All images by Matt Bigwood. Used with permission.
Photographer Matt Bigwood is no stranger to the Phoblographer. We featured his very long pinhole photo project a while back; but today, he comes to our site showing off a documentary project that he’s been working on for many years. “When I began photographing there the attitude was more relaxed – Romania was not in the European Union and the head of the hospital realized that the pictures did more good than harm. Romania was still perceived as an under-developed former Eastern Bloc nation.” says Matt about the project. He continued to state that the overall mood of the patients there was also quite upbeat.
In 2014, the charity folded due to lack of funding. According to what Matt tells us, there is a perception by some people in the UK that since Romania joined the European Union, and border restrictions within the EU have been lifted that Britain is overcrowded with Romanians and other Eastern European workers who are having a negative effect on the UK economy.
“…and the knock-on effect was ‘why should I donate to a charity that helps in Romania?’.”
Matt started the project on the understanding that they could help fundraising for the hospital. “If a patient was reluctant to be photographed I would not take the picture. I joined the charity in 2000 and was a member until it folded and made a dozen or more trips there.”
The rest of Matt’s documentary photo story is after the jump.
Phoblographer: What made you want to do a long term project on a psychiatric hospital in Romania?
Matt: In 2000 I met some people from a small charity based in Gloucestershire, UK, that had worked at this remote psychiatric hospital since the early 1990s. The charity was made up entirely of volunteers who paid their own way from the UK to Romania and used their work holiday to help carry out structural repairs and improvements to the building, as well as show friendship to the patients. Fundraising was always an issue, so I offered to photograph and film their trip in summer 2000 and give the pictures and footage to local newspapers and TV companies to raise awareness of what the group did. I was working for a regional newspaper at the time which ran the story. The publicity worked and more tradesmen volunteered to help, and financial donations also increased.
The psychiatric hospital was home to around 150 adult long-term patients suffering from all kinds of illnesses – Alzheimer’s Disease, schizophrenia, depression, learning disabilities and alcoholism. There was a stigma attached to mental illness and many of the patients would spend their entire lives in the institution. In the early 2000s funding was so poor that the hospital was sometimes short of food and medicines.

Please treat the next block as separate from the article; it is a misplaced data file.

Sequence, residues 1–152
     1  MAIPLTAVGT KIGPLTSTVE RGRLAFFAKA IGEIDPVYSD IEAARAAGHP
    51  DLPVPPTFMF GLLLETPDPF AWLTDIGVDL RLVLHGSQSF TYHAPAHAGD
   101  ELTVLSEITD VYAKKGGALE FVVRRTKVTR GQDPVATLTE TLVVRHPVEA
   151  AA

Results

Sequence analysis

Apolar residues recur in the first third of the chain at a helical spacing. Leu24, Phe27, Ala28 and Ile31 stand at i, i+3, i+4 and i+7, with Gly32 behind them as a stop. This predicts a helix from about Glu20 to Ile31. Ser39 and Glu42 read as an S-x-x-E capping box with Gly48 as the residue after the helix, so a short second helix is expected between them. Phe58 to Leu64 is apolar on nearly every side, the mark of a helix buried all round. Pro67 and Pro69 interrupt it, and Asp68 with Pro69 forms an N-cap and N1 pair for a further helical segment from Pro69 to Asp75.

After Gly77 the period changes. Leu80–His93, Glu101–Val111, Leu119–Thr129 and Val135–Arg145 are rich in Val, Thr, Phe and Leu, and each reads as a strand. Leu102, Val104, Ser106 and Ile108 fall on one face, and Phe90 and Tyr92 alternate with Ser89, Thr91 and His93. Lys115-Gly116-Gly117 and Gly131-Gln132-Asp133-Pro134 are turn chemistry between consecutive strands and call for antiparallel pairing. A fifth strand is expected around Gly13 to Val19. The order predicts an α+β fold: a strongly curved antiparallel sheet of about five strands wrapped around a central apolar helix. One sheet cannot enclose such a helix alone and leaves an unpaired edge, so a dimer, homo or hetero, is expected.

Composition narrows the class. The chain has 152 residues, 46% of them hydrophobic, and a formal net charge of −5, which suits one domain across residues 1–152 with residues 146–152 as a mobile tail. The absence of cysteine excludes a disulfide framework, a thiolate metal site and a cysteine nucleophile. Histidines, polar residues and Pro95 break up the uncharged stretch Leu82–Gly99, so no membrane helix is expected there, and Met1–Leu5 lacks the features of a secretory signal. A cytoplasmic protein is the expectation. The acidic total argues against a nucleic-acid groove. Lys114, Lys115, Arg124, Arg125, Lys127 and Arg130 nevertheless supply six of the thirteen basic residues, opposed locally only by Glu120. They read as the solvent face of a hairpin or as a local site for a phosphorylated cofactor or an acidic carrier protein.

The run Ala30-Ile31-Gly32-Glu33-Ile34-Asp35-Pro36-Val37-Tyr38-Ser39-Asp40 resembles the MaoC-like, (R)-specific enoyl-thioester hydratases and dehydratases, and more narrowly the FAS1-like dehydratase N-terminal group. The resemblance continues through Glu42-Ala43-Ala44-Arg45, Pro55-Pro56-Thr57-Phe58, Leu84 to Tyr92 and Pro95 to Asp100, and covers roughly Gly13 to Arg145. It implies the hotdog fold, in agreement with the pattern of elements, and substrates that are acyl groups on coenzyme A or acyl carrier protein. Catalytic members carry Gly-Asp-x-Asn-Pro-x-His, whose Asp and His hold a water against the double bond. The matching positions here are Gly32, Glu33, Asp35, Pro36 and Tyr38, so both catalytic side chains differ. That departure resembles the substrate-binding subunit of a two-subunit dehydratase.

Phoblographer: How did you mentally prepare yourself for this considering that hospitals like this are often portrayed as scary?
Matt: I did wonder what I would be facing when I visited the hospital, but as most of the other charity members had already worked there I had a good idea of what to expect. At first it was overwhelming going into the building and being surrounded by people speaking in a language you couldn’t understand. There were unfamiliar sounds and smells, and the bare walls meant that sound reverberated and echoed. Eventually the initial interest in me being there would wear off and make it easier to photograph there, but it was still quite a daunting task at times.
Phoblographer: Let’s talk logistics: how did you get permission to do this and how did you explain to the heads of the hospital that you wanted to do a documentary project?
Matt: The heads of the hospital had a long-standing relationship with the charity and agreed that photographs could be taken. If I had approached without the support of the charity I certainly wouldn’t have been allowed in, never mind photographing. People from the charity had contacted the hospital in advance and arranged permission.
Phoblographer: When you first entered the hospital, how did you get people to cooperate with you taking photos of them?
Matt: Sometimes staff would show me around the hospital and take me to various wards and into the communal dining area. On other trips, for instance at Christmas, I would photograph when we were handing out gifts. If I got the impression that someone didn’t want to be photographed I wouldn’t take the picture.
Phoblographer: What message are you trying to get across with these images?
Matt: The message was firstly to show people in the UK what the charity was doing, and to portray the conditions in the hospital. Things have improved greatly since these pictures were taken, and Romania’s European Union membership means treatment and conditions are more in line with the rest of Europe. In recent years new buildings, such as occupational therapy, have been built by the state and orchards and vegetable growing areas set aside to provide food for patients. There is now a programme of rehabilitation so hopefully fewer people will spend their lives in an institution.